Perkins' publicly stated position even prompted the powerhouse investment firm bearing his name, Kleiner Perkins Caufield and Byers, to say he was not speaking on its behalf.
"Tom Perkins has not been involved in KPCB in years," the venture capital firm that Perkins helped create said in a message fired off at Twitter, which was among its investments.
"We were shocked by his views expressed today in the WSJ and do not agree."
Meanwhile, Perkins yesterday was standing behind what he said in a letter published in the Wall Street Journal letter that ignited controversy over the weekend.
"Writing from the epicenter of progressive thought, San Francisco, I would call attention to the parallels of fascist Nazi Germany to its war on its 'one percent,' namely its Jews, to the progressive war on the American one percent, namely the 'rich," Perkins said in the opening of the letter.
"This is a very dangerous drift in our American thinking," he wrote. "Kristallnacht was unthinkable in 1930. Is its decendent 'progressive' radicalism unthinkable now"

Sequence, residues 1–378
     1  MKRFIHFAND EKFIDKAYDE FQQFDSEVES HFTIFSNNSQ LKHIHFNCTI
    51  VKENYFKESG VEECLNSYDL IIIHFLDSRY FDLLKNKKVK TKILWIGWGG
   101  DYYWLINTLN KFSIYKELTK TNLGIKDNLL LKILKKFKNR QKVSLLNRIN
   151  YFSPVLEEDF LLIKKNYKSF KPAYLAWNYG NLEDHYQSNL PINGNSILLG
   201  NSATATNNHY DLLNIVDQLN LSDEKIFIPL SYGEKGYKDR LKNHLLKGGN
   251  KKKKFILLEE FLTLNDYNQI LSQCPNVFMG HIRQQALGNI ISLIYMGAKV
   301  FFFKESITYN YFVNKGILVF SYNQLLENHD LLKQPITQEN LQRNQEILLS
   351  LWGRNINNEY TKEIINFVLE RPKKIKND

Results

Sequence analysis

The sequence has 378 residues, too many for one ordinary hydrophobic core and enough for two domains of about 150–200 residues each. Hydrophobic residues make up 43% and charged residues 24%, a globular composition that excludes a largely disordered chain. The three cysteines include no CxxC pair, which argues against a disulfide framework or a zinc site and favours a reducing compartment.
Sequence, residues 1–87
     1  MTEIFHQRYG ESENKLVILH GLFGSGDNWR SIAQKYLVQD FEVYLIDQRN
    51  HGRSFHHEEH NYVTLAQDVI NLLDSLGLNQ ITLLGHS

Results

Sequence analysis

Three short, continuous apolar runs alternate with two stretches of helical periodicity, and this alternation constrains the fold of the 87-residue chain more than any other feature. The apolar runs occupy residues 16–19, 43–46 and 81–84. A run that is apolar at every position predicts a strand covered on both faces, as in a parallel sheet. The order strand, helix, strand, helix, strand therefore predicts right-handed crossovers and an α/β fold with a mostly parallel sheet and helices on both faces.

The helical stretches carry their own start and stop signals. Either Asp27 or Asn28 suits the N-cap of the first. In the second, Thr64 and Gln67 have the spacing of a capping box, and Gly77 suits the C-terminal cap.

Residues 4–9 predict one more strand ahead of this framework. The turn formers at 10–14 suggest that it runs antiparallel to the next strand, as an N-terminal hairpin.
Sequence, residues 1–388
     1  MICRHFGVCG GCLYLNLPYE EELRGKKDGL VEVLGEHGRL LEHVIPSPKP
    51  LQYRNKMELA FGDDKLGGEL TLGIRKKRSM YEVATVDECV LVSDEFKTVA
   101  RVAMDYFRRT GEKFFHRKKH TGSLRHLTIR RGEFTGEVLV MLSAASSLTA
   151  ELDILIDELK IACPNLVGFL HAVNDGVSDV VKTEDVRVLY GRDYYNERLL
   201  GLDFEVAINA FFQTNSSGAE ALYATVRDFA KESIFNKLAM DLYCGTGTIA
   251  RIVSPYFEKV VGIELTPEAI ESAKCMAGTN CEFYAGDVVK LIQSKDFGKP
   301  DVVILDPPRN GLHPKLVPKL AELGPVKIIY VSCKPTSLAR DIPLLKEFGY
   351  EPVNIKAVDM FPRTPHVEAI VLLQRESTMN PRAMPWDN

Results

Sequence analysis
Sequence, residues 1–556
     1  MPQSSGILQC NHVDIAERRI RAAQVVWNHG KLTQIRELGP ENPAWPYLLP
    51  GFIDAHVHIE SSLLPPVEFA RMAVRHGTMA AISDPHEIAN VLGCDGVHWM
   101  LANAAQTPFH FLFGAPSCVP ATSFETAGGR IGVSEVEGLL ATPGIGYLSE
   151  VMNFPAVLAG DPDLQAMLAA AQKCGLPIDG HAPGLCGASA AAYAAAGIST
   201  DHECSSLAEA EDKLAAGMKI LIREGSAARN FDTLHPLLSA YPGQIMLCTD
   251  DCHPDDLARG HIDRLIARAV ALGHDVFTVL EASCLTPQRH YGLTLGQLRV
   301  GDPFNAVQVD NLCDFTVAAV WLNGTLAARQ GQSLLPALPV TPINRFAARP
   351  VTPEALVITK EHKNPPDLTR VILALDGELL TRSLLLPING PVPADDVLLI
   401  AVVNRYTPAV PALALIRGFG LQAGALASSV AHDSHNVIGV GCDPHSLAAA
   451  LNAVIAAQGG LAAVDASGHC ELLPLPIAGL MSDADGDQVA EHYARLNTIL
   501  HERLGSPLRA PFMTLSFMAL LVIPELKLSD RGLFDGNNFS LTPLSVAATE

Perkins noted the Occupy movement and recent protests in San Francisco over buses provided by Google to shuttle tech workers to Silicon Valley.
Activists in San Francisco have taken to blaming Internet company employees for driving up rents, housing prices and other aspects of living here.
"We have outrage over the rising real-estate prices which these 'techno geeks' can pay," Perkins wrote.
Perkins yesterday openly apologised for the 'Kritallnacht' reference but said that he still sees the demonization of the rich as a dangerous trend.
A Twitter post by @OccupyWallStNYC dismissed Perkins assertion as "insane."